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These deteriorating trends have emerged in weaker consumer confidence. Consumers' assessment of their own financial position, expected economic conditions, and the appropriateness of the current time to buy durable goods, deteriorated in Q3. Aside from job losses, other concerns such as the higher electricity tariffs, reduced overtime payments and shorter working hours remain problematic for consumers' financial health.

Supply of residential housing lagging. On the supply side of the housing market the value of recorded residential building plans passed by large municipalities (at current prices) during January-to-August 2009 decreased by 44.9% compared to the same period in 2008. The value of residential buildings reported as completed during January-to-July 2009 decreased by 15.1% compared to the same period last year. Quite clearly, future building activity over the short- and medium-term will be seriously constrained. With building cost inflation (around -0.5% y/y according to the producer price index for September) still running above housing deflation, acquiring an existing home may be more affordable. Furthermore, a sizeable overhang of unsold properties exists. This will constrain prices until such time that normality returns to the market. Anecdotal property trends confirm that the affordable segment of the housing market is showing signs of life.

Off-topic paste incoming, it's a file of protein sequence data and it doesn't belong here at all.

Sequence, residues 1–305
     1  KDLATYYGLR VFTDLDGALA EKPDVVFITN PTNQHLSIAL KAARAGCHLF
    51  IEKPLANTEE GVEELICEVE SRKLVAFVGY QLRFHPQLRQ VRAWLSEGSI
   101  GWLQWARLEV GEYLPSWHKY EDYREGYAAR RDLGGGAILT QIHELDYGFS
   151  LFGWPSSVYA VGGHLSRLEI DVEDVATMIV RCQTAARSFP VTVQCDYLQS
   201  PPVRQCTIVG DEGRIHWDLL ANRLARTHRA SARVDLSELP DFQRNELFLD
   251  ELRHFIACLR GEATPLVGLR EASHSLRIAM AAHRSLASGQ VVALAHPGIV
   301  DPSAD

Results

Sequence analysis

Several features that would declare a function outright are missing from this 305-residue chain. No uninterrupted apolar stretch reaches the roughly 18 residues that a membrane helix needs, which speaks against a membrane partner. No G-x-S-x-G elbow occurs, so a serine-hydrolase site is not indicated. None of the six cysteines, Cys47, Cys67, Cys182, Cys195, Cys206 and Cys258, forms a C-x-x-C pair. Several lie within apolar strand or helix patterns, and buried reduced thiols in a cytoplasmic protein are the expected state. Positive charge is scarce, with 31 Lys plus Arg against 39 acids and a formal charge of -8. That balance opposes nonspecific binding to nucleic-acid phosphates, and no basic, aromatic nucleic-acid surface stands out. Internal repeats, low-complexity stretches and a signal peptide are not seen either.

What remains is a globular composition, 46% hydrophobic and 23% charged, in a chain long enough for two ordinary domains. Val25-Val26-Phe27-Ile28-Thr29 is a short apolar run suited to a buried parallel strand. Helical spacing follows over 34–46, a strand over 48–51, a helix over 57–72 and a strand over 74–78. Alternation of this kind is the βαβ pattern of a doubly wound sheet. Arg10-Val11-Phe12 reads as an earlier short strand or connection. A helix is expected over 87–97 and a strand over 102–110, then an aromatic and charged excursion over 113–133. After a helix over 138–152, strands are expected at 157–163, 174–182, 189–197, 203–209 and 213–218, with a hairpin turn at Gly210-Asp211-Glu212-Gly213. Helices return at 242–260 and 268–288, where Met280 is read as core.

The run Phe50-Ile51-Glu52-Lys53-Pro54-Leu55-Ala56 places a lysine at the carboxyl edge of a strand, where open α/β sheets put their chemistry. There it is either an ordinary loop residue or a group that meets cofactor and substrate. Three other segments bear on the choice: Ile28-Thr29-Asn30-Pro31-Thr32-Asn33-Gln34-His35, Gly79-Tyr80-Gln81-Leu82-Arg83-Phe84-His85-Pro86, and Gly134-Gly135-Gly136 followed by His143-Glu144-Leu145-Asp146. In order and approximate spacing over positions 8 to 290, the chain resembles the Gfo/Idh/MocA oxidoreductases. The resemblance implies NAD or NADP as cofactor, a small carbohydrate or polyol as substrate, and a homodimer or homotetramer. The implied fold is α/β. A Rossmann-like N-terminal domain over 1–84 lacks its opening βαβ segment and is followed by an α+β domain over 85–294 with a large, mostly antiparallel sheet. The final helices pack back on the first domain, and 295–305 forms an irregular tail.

What are the risks to the property market? Despite it being perceived that the economy may be bottoming out, these indicators are at best still uncertain. With the economy under tremendous strain, it cannot be expected that the housing market will flourish. Furthermore, the residential property market is likely to lag developments in the economy. A number of downside risks are still present: the global recovery is not yet firmly established; a relatively strong rand could impact adversely on exports and economic growth; a general lack of improved consumer and business confidence; as well as a constrained labour market with deeper job losses. This will make for a tame recovery in the property market, which is unlikely to gather any traction this year. Base effects in the first quarter this year are also likely to put downward pressure on house price growth in the corresponding period next year. This will make for a slow start to 2010. Other risks include further sharp increases of 45% in electricity tariffs mooted for the next three year and possible increases in the price of oil as the global economy gains traction. In addition, as recent wage settlements have been well above the inflation rate, this during corporate financial hardship, companies will be more inclined to provide below-inflation wage increases during the economic recovery phase.